I sat down on a brand new Concept2 Model D erg at the MidAtlantic Erg Sprints, my mind a gnarly knot of emotions: confidence, excitement, apprehension, humility, awe.
Months earlier I had decided to forego plans to row the masters (30-39) womens 30-minute event, and instead started training for an even bigger challenge – the open womens half marathon (21,098m). I planned an eight-week training schedule (in hindsight, 12 weeks of prep would have been better) and worked through the physical and mental challenges of a variety of work loads: 5k and 10k pieces done for time that I used as baselines for other training work; 12, 15, and 20k steady state pieces; and high intensity interval work to promote speed.
For a variety of reasons, I chose to do all of my training rows at a friend’s Crossfit studio, on very well-worn Concept2 Model C ergs. Lots of people will gripe about old equipment, but I made adjustments to the damper settings as needed (taking it down to a 1.5/2 instead of a 3.5/4 on a newer model) and found the sweet spot that worked for me. I think more air passes through the fan cases on the Model C, creating a bigger breeze with every stroke, definitely a plus for body temperature regulation. The studio was small, warm, and humid – great for winter training.
MidAtlantic Erg Sprints, hosted by TC Williams High School in Alexandria, VA, holds the title of largest indoor rowing event for juniors in the United States. What makes it truly amazing, is that it draws more than 2,000 participants from over 100 clubs, with a huge variety of events ranging from parent/child 500m dash to open age marathons. And although 70% of participants are student athletes, you’ll find top tier masters rowers, experienced veteran rowers, and even national team rowers and Olympic medalists cranking out meters in search of a PR, or better yet, world records.
I didn’t have to look hard to find Esther Lofgren, 2012 Olympic Gold Medalist in the womens eight; 10-time USA National Team rower and four-time World Champion. She was a late entry into the open womens half marathon at Erg Sprints … and she was sitting on the erg next to me.
So there’s Esther – 6’2″, 29 years old, 16 years of rowing experience, eight years on the national team, training for the 2016 Olympics. She had been kind enough to chat with me via email in the days leading up to the event, modestly admitting that she hadn’t been training for this distance, and asking for input on hydration and nutrition. When I wandered up to my erg she was all business, saying hello and quickly excusing herself so she could get to work.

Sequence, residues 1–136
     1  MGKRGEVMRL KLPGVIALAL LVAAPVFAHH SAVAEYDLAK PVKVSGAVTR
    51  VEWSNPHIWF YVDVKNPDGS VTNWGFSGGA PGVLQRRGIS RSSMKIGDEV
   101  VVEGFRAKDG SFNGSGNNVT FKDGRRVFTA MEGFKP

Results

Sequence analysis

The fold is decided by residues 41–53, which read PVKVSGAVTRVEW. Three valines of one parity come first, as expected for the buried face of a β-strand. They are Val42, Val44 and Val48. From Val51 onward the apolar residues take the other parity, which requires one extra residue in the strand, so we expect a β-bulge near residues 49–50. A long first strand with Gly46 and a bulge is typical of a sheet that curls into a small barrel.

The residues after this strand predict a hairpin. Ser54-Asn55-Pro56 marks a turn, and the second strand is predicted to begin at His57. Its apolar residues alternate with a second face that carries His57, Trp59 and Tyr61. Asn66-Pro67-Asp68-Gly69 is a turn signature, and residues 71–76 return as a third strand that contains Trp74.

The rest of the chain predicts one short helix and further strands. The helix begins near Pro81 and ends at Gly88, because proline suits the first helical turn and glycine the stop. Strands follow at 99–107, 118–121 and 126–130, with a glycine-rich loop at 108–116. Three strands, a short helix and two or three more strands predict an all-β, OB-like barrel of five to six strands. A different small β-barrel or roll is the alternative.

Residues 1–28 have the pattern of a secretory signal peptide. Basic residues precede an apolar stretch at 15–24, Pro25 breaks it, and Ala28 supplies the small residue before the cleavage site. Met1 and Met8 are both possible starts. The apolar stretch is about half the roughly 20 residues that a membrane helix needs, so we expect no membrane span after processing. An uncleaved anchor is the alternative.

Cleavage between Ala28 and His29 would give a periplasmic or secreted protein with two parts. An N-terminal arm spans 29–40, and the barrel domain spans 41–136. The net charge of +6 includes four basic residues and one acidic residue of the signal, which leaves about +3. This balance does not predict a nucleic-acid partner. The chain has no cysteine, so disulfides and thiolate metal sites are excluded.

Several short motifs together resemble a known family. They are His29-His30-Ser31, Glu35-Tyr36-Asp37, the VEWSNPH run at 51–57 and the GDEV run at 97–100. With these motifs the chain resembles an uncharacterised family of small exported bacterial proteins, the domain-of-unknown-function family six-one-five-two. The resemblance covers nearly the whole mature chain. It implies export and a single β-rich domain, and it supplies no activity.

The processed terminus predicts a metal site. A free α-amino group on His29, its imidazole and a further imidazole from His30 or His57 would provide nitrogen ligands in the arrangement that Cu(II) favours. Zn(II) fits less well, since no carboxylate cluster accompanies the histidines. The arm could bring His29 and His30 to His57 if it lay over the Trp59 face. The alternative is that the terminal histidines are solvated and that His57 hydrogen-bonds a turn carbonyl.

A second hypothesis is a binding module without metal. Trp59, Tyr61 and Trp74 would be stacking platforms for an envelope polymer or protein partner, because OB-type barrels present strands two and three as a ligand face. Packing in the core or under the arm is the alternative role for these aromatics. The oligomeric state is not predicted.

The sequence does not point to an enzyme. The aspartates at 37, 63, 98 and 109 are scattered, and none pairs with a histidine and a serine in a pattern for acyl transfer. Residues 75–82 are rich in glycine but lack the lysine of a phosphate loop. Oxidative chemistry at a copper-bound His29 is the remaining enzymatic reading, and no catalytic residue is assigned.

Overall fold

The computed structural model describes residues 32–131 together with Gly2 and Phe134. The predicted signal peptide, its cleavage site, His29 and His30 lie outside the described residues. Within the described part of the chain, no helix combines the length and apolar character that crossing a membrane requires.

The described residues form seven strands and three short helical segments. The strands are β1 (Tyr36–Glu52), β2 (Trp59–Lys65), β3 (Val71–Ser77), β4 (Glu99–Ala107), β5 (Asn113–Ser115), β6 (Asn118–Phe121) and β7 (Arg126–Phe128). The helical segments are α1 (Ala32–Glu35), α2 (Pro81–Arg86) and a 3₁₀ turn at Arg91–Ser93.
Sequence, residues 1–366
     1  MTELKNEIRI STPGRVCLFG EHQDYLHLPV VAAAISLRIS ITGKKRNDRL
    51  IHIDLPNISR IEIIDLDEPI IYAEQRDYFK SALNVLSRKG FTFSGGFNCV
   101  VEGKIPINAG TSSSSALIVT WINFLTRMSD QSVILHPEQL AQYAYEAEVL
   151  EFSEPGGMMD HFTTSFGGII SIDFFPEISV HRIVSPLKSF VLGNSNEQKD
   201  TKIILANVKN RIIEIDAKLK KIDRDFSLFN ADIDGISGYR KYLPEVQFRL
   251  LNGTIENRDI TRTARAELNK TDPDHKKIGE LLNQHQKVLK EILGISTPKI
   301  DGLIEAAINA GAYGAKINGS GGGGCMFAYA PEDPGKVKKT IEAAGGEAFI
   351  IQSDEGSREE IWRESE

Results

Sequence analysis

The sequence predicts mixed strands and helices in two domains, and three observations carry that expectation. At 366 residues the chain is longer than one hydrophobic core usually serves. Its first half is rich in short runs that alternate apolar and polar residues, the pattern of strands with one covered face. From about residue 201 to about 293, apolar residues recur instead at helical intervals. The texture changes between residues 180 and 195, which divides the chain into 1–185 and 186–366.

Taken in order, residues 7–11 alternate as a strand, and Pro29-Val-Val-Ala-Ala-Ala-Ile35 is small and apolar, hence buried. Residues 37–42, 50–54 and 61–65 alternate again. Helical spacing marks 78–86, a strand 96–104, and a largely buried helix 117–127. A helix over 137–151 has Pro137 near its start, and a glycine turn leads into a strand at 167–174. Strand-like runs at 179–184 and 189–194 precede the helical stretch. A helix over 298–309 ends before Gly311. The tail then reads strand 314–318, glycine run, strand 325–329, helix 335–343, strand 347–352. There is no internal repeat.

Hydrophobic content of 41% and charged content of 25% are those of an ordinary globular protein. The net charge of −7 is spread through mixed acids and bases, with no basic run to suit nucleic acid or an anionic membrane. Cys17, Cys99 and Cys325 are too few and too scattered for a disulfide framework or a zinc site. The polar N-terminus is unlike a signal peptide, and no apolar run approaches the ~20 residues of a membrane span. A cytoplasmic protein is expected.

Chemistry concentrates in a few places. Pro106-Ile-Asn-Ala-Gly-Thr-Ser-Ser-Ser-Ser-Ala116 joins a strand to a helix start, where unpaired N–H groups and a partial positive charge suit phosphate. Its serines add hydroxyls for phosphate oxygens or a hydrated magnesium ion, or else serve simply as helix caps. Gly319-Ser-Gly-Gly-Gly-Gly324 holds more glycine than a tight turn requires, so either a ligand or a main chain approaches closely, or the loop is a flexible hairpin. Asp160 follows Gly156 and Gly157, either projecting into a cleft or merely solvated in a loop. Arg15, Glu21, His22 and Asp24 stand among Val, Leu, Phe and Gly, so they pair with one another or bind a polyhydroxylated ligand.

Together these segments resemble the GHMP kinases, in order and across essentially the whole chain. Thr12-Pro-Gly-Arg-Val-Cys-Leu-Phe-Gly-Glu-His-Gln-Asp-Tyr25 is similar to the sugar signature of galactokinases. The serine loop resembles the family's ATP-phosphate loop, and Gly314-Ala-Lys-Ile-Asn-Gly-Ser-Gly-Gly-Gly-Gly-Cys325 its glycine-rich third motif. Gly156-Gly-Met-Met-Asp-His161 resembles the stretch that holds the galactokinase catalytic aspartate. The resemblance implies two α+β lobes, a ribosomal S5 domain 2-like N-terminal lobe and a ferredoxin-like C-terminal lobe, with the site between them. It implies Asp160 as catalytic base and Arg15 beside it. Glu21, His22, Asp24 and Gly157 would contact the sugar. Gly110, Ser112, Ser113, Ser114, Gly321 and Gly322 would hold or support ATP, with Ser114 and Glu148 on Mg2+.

And there I was – 5’2″, 37 years old, 15 years of rowing exclusively at the club and masters level. A few trips to USRowing Masters Nationals; five trips down the Charles as a coxswain.
The new Model D was smooth and easy for the first 6k, and I saw splits a couple of seconds lower than I was anticipating. “Be careful!” I told myself. “Don’t burn out.” I was aiming for a less-than-mind-blowing 2:30 split and was able to hold that average until about 12k into the piece. I couldn’t help but glance to my right and sneak a peak at Esther’s monitor – 1:52. Whoa!
And suddenly all of the moisture seemed to get sucked out of the gym. My lips were so dry they were sticking to my teeth. Cotton mouth was setting in much faster than I had dealt with in the small, warm Crossfit gym during training. My hydration strategy had to change – instead of a final drink of HEED with 6k to go, the bottle hit my lips each of the last 6k.
And then the brain relents.
My monitor tells me I have 5k to go. Next to me, Esther wails on her last few strokes. She blasts past the world record, finishing the womens half marathon in 1:20:12.2, at a 1:54.0 split and 25spm average. Three minutes faster than the previous record set in 2003.
What have I gotten myself into? Why?! Shut up, brain! Go legs!
With slightly bruised ego, I finished up at 1:47:28.8, 2:32.8 split and 19spm average. A few minutes behind my goal, and nearly three seconds off my training splits average. If only I wasn’t a rower trapped in a coxswains body… But I finished. I learned some lessons, and am already looking forward to the half marathon next year.
Maybe Esther will be my erg buddy again.
Two days after the event, Esther emailed me with some reflections on her World Record half marathon:
“Next time, I would probably try to rate 2 beats higher (I averaged 24) and start out at the same pace or maybe a split faster and try to hold it as I had a small fade in the last 4K or so before the sprint. With heart rates at 90%+ of max for 80 minutes it was good to have goals for small increments and to monitor where I was both HR-wise and split-wise throughout the piece – there’s not much besides mental toughness to make that easier!
With better hydration and electrolytes I think I could have kept it to just one big drink around 40 minutes in (before I felt like I needed it) to optimize performance and speed during the piece, but I agree, it was very, very dry in the room. I also forgot to take a Gu packet just before the erg, which meant that the last 20 minutes of the piece were probably even more challenging.”